Racism must be seen as a structural phenomenon rooted in political, economic and cultural structures of power. It is an experience shared by many minority groups and it needs to be challenged in solidarity with rather than in competition with others. The ECHR already provides protection for those facing anti-Muslim racism, through provisions of Article 9 (when looked at with Article 10 and Article 17), as set out above.

The existing criminal law of England and Wales also provides redress. We have referred above to the CPS definition of hate crime. The CPS and police also have a joint definition of cases involving ‘hostility on the basis of race or religion’: ‘Any incident/crime which is perceived by the victim or any other person, to be motivated by hostility or prejudice based on a person’s race or religion or perceived race or religion.’

The threshold needed to demonstrate ‘hostility’ is not high, and the perception of the victim is key.

Offences of wounding, assault, criminal damage, harassment, stalking and threatening/abusive behaviour that are racially or religiously aggravated can already be prosecuted under the Crime and Disorder Act 1998. The Criminal Justice Act 2003 also gives the court power to increase the sentence of any offence (other than those already provided for in the Crime and Disorder Act 1998) that is racially or religiously aggravated. In addition, s17 of the Public Order Act 1986 created offences of stirring up racial hatred through the use of threatening, abusive or insulting words, behaviour or written material. In 2006 and in 2008, this provision was extended to cover incitement on the grounds of religious identity and sexual orientation. This can be used to prosecute serious cases of race or religious hate speech.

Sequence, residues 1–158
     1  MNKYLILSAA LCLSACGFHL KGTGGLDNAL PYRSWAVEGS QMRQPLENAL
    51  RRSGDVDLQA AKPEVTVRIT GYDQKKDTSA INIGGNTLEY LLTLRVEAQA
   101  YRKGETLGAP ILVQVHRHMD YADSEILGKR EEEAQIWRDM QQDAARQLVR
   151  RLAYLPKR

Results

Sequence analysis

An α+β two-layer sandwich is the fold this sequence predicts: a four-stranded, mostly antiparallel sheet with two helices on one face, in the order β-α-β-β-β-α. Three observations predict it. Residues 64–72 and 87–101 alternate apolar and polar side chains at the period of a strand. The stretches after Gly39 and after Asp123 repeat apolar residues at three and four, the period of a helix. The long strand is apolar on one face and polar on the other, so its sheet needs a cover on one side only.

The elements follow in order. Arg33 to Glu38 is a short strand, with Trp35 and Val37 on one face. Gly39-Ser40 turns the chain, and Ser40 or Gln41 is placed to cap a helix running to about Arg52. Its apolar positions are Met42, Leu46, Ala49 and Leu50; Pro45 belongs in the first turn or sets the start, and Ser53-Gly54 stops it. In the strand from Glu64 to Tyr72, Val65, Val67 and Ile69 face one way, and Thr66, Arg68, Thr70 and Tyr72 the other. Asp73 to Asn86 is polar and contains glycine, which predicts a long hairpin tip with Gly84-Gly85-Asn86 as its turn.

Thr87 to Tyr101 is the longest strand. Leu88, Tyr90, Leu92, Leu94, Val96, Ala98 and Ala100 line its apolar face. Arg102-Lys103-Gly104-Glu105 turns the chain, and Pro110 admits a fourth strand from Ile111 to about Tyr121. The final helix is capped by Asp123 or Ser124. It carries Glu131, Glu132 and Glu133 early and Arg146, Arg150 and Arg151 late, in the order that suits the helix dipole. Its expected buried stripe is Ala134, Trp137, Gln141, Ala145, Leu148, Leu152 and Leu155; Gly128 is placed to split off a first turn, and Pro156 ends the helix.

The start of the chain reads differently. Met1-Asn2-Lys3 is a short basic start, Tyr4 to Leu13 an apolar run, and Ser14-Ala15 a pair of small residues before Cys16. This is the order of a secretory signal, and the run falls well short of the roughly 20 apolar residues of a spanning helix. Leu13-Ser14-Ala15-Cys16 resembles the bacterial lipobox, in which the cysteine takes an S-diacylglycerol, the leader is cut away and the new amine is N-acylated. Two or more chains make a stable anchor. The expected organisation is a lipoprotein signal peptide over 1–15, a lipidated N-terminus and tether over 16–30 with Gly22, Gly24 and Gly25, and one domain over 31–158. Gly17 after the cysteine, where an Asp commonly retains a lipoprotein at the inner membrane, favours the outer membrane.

The above shows there is already considerable protection available for victims of racial and religiously motivated hate crime. Certainly, there is evidence that enforcement of that protection is not as effective as it should be. Amnesty International (in its report cited above) recommended a review of the legislation, which could include extending the list of protected characteristics and provision of equal protection for all characteristics. Amnesty also recommended that public figures speak out vigorously against racism and hate. Amnesty International’s case studies found significant difficulties with the response of the police, prosecutors and the courts, which do not take racism seriously. This would chime with our own experiences.

We would support the suggestion made by Amnesty International that public officials who behave in a discriminatory way or use or condone racist or discriminatory language should be held accountable and face clear disciplinary sanctions.


We strongly urge the committee to recognise the principle that rights and protections must be afforded to individuals and not to religions or other belief systems. The term ‘Islamophobia’ conflates the protection of individuals from racism with the protection of religion from criticism and dissent. Further, by basing the protection on religious affiliation rather than race or migration status, we risk the ‘silo-fication’ of the struggle against racism and discrimination on racial or religious grounds. We should instead have one (unifying and unified) approach based on principles of anti-discrimination, equality and human rights, including freedom of expression. This framework already exists but needs improving and robust implementation at all levels of the criminal justice system. We would also encourage better guidance for police, prosecutors and judges for investigating, charging, trying and sentencing hate crime cases, and call for clear accountability mechanisms for victims when the criminal justice system fails them.

As we have set out at length above, anti-Muslim racism is not the product of an individual phobia or irrational fear of the ‘other’. It is a form of racism that must be tackled politically and legally through inclusive and progressive laws. To do otherwise is to fall into the fundamentalist trap of using religion to promote a regressive agenda of censorship and control.

Postscript (following the submission)